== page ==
• Don’t wallow in the obstacle. It’s not the obstacle that’s important. Colleges are looking for how you responded and what you learned. Don’t spend too much space on what happened. Mention it and move on.
  • Avoid writing about a bad grade or marking period. Lots of students have a bad grade or marking period. If you write about it, the risk is that your essay will sound like a lot of others. (“I worked hard and learned that I could persevere.”) Remember: If your gut says it’s a common topic, sounds boring, or doesn’t differentiate you from other applicants, then choose something else to write about.

Tip: Failure isn’t the only option. Some students think this question is only about failure. It’s not. That’s why the prompt includes the keywords “obstacle,” “challenge,” and “setback.” Your experience doesn’t have to rise to the level of failure for you to write about it. And you certainly don’t have to try and manipulate a setback or challenge to make it sound like one.

Successful Essay Topic Example:

“Snowbound Night”

When he was 15, Andrew started a snowplow business using an ATV he had purchased. But the ATV wasn’t good at plowing deep snow. Andrew knew that, and would plow out his customers two or three times during a big snowfall. But one night his alarm didn’t wake him up, and by morning there were eight inches of snow on the ground. When Andrew started to move the ATV, it got stuck in his driveway. He knew his customers were counting on him, so he worked all night to shovel out the ATV, and plowed out his customers just in time for them to get to work.

After that experience, Andrew realized he needed to upgrade his equipment so he could serve his customers better. Eventually, Andrew traded his ATV for a truck with a plow, which in turn made his business more successful. Now he would like to pursue a business career.

Why this Topic Succeeds:

•    All the keywords are addressed. Andrew told his story, examined how his failure affected him, and then wrote about the positive lessons he learned.
•    It also shows he has good character. He didn’t leave his customers hanging.

But should you really write about a failure?

Absolutely. It’s a character-building experience.

Colleges wonder whether or not you can succeed in college by handling a bad grade, a difficult roommate or another frustration. When they see you’ve already been able to handle a significant challenge, you’ve given them that answer. They start to envision the kind of person you’ll be after college, too.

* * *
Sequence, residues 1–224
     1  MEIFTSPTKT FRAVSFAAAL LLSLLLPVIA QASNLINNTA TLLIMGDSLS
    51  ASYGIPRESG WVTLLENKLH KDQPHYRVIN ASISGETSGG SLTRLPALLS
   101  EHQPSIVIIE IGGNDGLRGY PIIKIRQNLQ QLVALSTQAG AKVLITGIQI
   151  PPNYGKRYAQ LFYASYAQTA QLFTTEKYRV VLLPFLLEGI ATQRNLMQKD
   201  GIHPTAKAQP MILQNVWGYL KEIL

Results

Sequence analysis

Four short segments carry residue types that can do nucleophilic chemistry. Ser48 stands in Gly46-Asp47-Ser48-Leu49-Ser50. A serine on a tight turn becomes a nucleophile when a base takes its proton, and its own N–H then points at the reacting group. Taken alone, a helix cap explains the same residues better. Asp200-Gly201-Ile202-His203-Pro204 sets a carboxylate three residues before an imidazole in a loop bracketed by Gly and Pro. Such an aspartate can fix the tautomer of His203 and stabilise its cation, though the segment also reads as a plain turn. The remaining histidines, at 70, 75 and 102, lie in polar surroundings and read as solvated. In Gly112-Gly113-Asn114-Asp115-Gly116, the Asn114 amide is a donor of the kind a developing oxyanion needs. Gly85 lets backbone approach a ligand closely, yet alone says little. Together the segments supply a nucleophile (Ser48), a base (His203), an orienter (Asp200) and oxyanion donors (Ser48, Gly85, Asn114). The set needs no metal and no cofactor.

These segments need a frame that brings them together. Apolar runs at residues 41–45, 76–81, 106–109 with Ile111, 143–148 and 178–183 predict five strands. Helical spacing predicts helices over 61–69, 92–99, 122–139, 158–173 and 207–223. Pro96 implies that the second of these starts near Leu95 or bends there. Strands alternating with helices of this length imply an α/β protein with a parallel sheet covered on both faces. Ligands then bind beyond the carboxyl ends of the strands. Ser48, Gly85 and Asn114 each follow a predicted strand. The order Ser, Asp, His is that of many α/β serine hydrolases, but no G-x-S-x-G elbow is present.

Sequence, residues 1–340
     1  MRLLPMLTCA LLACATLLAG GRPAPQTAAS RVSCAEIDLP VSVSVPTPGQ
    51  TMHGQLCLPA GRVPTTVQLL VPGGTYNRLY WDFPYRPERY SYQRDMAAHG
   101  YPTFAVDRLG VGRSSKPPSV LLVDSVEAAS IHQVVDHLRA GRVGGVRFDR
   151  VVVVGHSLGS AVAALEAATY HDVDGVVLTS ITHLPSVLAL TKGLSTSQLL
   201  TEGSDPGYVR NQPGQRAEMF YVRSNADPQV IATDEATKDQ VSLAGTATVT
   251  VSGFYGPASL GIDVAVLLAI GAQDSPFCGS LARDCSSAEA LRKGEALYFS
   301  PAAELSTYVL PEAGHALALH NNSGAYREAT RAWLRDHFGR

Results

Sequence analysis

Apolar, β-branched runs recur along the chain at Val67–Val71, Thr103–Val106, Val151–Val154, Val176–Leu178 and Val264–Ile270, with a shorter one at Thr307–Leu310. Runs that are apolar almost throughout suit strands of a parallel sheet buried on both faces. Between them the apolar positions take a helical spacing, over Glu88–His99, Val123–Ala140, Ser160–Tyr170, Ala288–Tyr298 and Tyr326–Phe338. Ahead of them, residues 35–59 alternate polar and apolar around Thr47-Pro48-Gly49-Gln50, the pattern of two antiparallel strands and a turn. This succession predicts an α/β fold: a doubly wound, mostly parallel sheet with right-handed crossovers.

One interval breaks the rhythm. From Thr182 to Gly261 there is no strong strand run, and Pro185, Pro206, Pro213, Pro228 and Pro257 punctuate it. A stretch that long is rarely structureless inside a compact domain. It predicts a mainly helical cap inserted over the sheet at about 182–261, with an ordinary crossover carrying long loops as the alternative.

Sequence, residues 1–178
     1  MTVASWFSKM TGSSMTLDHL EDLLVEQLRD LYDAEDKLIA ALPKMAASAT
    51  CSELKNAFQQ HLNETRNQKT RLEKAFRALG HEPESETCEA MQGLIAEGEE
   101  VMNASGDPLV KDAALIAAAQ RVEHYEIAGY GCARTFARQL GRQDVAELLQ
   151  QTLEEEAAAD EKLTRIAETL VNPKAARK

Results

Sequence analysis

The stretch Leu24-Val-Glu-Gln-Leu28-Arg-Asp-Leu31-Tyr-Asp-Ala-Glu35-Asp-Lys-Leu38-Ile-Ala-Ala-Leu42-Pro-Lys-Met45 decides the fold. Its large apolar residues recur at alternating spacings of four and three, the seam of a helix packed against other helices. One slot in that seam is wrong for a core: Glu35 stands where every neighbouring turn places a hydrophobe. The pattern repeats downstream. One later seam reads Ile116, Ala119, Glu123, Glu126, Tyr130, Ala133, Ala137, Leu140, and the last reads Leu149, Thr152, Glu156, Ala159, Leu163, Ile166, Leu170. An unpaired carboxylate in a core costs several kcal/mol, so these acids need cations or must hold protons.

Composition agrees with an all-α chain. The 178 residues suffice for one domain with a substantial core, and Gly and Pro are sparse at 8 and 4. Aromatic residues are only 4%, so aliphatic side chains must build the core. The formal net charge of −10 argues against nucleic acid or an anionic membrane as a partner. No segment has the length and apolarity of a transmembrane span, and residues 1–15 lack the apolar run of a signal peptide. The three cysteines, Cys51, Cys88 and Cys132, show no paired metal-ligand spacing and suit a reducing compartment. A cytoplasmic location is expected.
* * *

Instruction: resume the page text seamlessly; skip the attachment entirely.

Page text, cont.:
how to write 2013 Common Application essay

Are You Uncomfortable Discussing Failure?

how to write Common Application how to write essay personal statementDON’T BE.  Remember, colleges look for character-building stories and problem solving skills.

In fact, Christine Hamilton, Associate Director of Undergraduate Admission at Babson College, tells me she sees a lot of failure essays and that’s okay with her. She learns a lot about the character of incoming students by hearing how they’ve coped with failure.

CAUTION: Never write about failures that include very risky behavior or anything illegal (like hanging off a cliff or being caught drinking and driving).

If you enjoyed this post, I hope you’ll like my Facebook page

Next: How to Write 2018 Common Application Essay 3 A Time You Questioned or Challenged a Belief or Idea

sharon-epstein-college-essay-writing-and-interview-skillsSharon Epstein is a Writers Guild Award-winner and two-time Emmy Award nominee, teaching students around the world how to master interview skills, write resumes, and transform their goals, dreams and experiences into creative and memorable college application essays. She works with students everywhere: in-person, by phone, FaceTime, Skype and email. Visit my website for more info. Connect on Google+, Pinterest and Twitter.

Other posts in Sharon’s “How to Write” series:
How to Write 2018 Common Application Essay 1 – Background, Identity or Interest
How to Write 2018 Common Application Essay 2Lessons We Take From Obstacles
How to Write 2018 Common Application Essay 3 A Time You Questioned or Challenged a Belief or Idea
How to Write 2018 Common Application Essay 4Problem You’ve Solved or Would Like to Solve
How to Write 2018 Common Application Essay 5Accomplishment, Event, or Realization
How to Write 2018 Common Application Essay 6: What Makes You Lose All Track of Time
How to Write 2018 Common Application Essay 7: Topic of Your Choice

 


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How to Write a Great College Application Essay: Infographic

When it comes to writing the Common Application essay personal statement, or any college essay for that matter, the basics remain the same: Know what colleges want, know yourself, and put in enough time and thought to find the topic that best reflects you.

So this week I’m reposting an infographic I created about how to write a great college application essay. It gives you an overview of the college essay writing process from beginning to end. If you’d like to download it, you can do that here.

Plus I used a lot of purple when I made it, which is my favorite color. Enjoy.

how to write a grea gret college essay infographic

sharon-epstein-college-essay-writing-and-interview-skills